Abstract and Keywords
This chapter attempts to show that the aesthetic has an essence that is capturable in non-aesthetic terms. It demonstrates the interdefinability of the various aesthetic categories and explores different conceptions of the scope of the aesthetic. It critically examines accounts of aesthetic pleasure advanced by Kendall Walton and Jerrold Levinson. It extracts from this examination certain considerations that allow of a reductive account of the aesthetic, whatever its scope may be considered to be. It concludes by presenting one such account in a set of interlocking definitions.
1. Does the aesthetic have an essence? If so, can it be captured in non‐aesthetic terms or is the aesthetic an irreducible concept?
Whatever the scope of ‘the aesthetic’ may properly be thought to be—I return to this issue in §2—three preliminary points are important. In the first place, ‘the aesthetic’ ranges over items in different categories: there are aesthetic judgements, aesthetic pleasures, aesthetic values, aesthetic attitudes, aesthetic interest, aesthetic sensitivity, aesthetic properties, aesthetic character, aesthetic appreciation, aesthetic responses, and so on. 1 Second, aestheticians have been inclined to privilege one of these categories of the aesthetic, assigning to it a basic status and explicating the others in terms of it. Thirdly, the various categories of the aesthetic are inter‐definable, no matter which, if any, is taken as basic, how exactly they are related to one another (not everyone understanding them as being connected in the same manner), and despite disagreements about what should properly be thought of as falling within a particular category. Such disagreements arise from different requirements for membership of the category. For example, whereas some require an aesthetic judgement about an item to be one acquired through first‐hand acquaintance with the item, 2 others allow a belief founded on the opinion of another to be an aesthetic judgement. Again, some of those who agree that pleasure in the perception of a single colour, sound, taste, or smell is an aesthetic pleasure operate with a notion of judgement, as Kant did, which is such that the mere announcement of such a pleasure in the linguistic form of a judgement—‘It's pleasurable’—counts (p. 32 ) as the expression of an aesthetic judgement. Others hold that the linguistic expression of an aesthetic pleasure or response is an aesthetic judgement—is a judgement at all—only if it claims intersubjective validity, as no mere expression of pleasure, even one formulated in judgemental form, properly does: it would be an aesthetic judgement only if it claimed an item's capacity or suitability to give pleasure, or that it merits a pleasurable response. I will skirt disagreements of this kind.
Now the idea of aesthetic judgement might well be understood to include general, universal, and comparative (or superlative) judgements: ‘Some/most/all of the [46!] prints in Hokusai's Thirty‐six Views of Mount Fuji are wonderful’; ‘Hokusai's Thirty‐six Views of Mount Fuji is a finer set than Hiroshige's Thirty‐six Views of Mount Fuji’. To illustrate the inter‐definability of the various aesthetic categories, it will simplify matters if the idea of aesthetic judgement is restricted to singular judgements and is understood to include only judgements that are solely about the aesthetic value or character 3 of a single item: on the one hand, those that are purely evaluative, restricted to expressing an assessment of the aesthetic value of an item, grading it as aesthetically good, mediocre, or bad, for example (‘verdicts’, as Frank Sibley called them); on the other hand, those that attribute to an item a property that is a ground of aesthetic value (positive or negative), a property in virtue of which the item may be aesthetically praised or faulted, the set of such properties constituting the item's aesthetic character. 4 If any ground of an item's aesthetic value, as realized in the item, is itself called an aesthetic value (positive or negative) of the item, 5 then with the idea of aesthetic value assigned the basic role, and exploiting the ambiguity of the notion, 6 the ideas of aesthetic judgement, pleasure, (p. 33 ) property, and attitude might be defined in some such economical fashion as this:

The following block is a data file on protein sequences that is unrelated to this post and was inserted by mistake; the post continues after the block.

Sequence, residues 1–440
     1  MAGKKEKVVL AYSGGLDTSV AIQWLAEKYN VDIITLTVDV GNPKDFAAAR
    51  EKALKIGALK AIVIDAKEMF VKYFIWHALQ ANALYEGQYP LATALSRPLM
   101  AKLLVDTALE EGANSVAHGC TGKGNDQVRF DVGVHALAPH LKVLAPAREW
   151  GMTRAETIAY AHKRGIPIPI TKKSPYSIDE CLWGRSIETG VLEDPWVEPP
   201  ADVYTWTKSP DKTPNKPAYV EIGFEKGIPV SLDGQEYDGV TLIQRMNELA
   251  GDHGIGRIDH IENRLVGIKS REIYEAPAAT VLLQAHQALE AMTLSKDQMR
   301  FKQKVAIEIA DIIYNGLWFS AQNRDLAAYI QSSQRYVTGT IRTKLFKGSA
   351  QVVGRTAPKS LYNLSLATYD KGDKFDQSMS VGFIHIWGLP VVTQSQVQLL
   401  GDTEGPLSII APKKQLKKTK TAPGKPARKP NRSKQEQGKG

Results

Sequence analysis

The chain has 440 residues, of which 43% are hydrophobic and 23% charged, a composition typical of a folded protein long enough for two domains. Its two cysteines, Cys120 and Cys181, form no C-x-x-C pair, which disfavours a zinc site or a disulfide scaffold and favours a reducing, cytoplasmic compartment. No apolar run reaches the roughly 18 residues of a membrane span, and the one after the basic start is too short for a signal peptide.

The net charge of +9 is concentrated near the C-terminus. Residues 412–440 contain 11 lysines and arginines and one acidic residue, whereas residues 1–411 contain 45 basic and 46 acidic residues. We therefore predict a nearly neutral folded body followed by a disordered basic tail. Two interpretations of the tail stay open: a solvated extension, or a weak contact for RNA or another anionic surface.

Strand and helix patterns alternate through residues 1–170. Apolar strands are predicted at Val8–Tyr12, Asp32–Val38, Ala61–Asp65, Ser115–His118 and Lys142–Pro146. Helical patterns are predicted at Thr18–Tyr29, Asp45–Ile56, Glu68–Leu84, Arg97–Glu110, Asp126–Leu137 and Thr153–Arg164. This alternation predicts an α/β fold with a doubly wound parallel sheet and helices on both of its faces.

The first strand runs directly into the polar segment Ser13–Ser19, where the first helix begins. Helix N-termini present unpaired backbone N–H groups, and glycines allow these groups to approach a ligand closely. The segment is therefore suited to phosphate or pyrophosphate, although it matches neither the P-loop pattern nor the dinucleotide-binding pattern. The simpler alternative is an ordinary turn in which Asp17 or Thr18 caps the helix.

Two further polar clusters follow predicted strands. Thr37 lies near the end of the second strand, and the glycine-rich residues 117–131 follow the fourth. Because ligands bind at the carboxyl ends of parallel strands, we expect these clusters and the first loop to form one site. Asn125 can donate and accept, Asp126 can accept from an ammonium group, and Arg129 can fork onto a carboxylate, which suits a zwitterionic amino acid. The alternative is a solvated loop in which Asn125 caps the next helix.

If, however, the basic status is assigned to the idea of aesthetic judgement, the other categories might be defined in terms of it just as easily:
An aesthetic judgement is a judgement that ascribes (positive or negative) aesthetic value to an item.
An aesthetic pleasure is a pleasure taken in the apparent perception or imaginative realization of aesthetic value. 7
An aesthetic property of an item is any property of it that has aesthetic value.
An aesthetic attitude is an attitude of a kind conducive to a reliable perceptual‐ or imagination‐based judgement of aesthetic value.
And so on round the circle of aesthetic categories.
An aesthetic value is a value of a kind ascribed by an aesthetic judgement.
An aesthetic pleasure is a pleasure taken in the apparent perception or imaginative realization of a value rightly or wrongly ascribed to the object of pleasure by a positive aesthetic judgement.
An aesthetic attitude is an attitude towards an item of a kind that is conducive to an aesthetic judgement about the item being well‐founded.
An aesthetic property is a property ascribed to an item by an aesthetic judgement.